August 7, 2018
Last year, representatives of Facebook, Twitter, and Google were instructed on the US Senate floor that it is their responsibility to “quell information rebellions” and adopt a “mission statement” expressing their commitment to “prevent the fomenting of discord.”
“Civil wars don’t start with gunshots, they start with words,” the representatives were told. “America’s war with itself has already begun. We all must act now on the social media battlefield to quell information rebellions that can quickly lead to violent confrontations and easily transform us into the Divided States of America.”
Friendly reminder that last year representatives of Google/Youtube, Facebook and Twitter were instructed on the floor of the US Senate that it is their responsibility to “quell information rebellions” so as to “prevent the fomenting of discord.”https://t.co/X4Hc56fH0k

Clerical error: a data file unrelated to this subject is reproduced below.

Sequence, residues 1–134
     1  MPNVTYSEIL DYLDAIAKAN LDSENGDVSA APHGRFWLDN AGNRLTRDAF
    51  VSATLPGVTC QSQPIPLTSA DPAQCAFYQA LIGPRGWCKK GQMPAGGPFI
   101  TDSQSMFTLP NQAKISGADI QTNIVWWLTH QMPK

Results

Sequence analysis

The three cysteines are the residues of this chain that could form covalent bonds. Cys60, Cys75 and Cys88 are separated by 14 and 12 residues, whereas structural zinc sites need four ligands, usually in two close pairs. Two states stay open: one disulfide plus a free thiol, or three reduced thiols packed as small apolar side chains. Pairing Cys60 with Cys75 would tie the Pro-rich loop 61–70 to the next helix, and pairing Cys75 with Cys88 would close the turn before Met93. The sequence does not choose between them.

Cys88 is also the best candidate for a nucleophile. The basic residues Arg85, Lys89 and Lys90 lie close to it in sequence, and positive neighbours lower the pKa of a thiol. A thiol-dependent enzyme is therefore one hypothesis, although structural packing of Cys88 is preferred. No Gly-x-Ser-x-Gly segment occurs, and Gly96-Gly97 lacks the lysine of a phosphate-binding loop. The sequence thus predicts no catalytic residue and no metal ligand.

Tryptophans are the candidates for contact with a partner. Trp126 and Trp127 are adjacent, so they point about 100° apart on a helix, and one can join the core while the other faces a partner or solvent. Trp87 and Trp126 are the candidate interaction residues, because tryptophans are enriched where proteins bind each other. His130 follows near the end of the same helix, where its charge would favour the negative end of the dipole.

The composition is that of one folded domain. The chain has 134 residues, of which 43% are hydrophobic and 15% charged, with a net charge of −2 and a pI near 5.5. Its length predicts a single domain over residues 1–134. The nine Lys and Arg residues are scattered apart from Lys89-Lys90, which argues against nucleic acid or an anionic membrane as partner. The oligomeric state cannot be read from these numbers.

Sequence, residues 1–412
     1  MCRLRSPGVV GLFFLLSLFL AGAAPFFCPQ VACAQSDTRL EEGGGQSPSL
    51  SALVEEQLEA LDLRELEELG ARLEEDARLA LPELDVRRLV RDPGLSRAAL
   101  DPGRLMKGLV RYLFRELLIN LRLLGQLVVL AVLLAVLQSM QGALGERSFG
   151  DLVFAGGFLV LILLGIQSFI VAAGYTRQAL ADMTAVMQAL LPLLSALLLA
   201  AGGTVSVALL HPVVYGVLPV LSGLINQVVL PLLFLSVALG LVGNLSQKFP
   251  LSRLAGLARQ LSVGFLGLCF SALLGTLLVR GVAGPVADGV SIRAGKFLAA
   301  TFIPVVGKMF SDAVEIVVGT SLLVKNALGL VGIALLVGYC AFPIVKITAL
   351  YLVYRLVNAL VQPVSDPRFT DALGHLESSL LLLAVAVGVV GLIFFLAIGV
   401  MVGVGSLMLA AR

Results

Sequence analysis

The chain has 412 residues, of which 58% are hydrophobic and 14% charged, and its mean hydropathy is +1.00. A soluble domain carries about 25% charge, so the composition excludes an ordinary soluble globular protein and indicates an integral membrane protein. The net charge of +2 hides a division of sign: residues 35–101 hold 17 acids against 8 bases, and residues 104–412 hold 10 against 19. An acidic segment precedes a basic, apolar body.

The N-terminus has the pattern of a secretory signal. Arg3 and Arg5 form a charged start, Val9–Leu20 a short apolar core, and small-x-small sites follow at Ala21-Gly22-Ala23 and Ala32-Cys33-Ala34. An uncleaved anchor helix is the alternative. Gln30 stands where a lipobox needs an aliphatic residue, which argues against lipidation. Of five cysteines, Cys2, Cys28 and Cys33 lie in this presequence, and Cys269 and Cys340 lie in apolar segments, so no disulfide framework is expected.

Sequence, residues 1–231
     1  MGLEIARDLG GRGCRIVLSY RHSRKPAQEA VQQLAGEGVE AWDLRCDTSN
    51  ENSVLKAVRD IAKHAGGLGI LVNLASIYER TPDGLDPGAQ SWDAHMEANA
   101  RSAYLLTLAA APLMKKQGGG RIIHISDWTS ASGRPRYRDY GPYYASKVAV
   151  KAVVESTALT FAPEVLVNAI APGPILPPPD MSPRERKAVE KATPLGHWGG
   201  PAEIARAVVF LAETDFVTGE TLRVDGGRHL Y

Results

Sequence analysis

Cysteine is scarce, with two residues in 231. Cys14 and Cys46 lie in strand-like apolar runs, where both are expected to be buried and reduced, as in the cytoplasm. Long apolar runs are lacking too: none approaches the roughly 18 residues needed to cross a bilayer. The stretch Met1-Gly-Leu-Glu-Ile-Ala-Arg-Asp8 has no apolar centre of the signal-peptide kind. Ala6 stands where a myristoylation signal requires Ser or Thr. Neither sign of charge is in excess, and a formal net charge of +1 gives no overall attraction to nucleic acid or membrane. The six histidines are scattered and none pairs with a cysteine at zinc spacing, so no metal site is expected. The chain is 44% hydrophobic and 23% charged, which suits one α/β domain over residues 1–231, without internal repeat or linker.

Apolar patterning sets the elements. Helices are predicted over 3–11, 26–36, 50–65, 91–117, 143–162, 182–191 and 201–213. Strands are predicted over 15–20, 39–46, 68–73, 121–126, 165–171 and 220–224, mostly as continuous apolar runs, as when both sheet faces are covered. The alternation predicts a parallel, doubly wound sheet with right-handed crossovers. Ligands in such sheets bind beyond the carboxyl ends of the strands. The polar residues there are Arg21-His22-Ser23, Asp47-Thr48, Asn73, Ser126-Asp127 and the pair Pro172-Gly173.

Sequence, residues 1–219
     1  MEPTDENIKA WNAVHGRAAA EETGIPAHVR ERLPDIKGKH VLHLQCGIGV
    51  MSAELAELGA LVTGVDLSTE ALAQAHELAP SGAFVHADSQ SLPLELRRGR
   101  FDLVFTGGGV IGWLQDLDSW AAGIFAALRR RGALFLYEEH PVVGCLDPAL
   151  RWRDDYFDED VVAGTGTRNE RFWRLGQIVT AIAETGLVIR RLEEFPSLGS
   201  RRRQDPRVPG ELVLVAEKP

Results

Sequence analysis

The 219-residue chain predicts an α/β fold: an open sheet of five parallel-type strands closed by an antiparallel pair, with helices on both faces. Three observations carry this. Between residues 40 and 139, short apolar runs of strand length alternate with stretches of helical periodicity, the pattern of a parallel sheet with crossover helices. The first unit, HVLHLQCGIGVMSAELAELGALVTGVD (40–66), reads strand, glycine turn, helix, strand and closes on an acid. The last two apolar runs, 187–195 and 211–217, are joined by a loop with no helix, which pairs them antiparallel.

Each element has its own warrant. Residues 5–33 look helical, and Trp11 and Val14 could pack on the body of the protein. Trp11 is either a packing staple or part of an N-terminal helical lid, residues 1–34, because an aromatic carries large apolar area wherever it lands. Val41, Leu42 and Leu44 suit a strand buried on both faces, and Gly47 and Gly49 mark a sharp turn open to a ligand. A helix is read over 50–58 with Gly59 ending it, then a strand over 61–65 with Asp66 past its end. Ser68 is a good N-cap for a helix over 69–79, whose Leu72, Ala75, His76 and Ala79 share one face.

— Caitlin Johnstone (@caitoz) August 6, 2018
Scott Horton, Peter Van Buren, and Dan McAdams have been suspended from Twitter.
If you go to their accounts, you will see their old tweets, but they are prohibited from making new tweets. They were reported by @KatzOnEarth for criticizing his posts. Please complain to Twitter. pic.twitter.com/kaWAqasLKQ
— Antiwar.com (@Antiwarcom) August 6, 2018
Today Twitter has silenced three important anti-war voices on its platform: it has suspended Daniel McAdams, the executive director of the Ron Paul Institute, suspended Scott Horton of the Scott Horton Show, and completely removed the account of prominent Antiwar.com writer Peter Van Buren.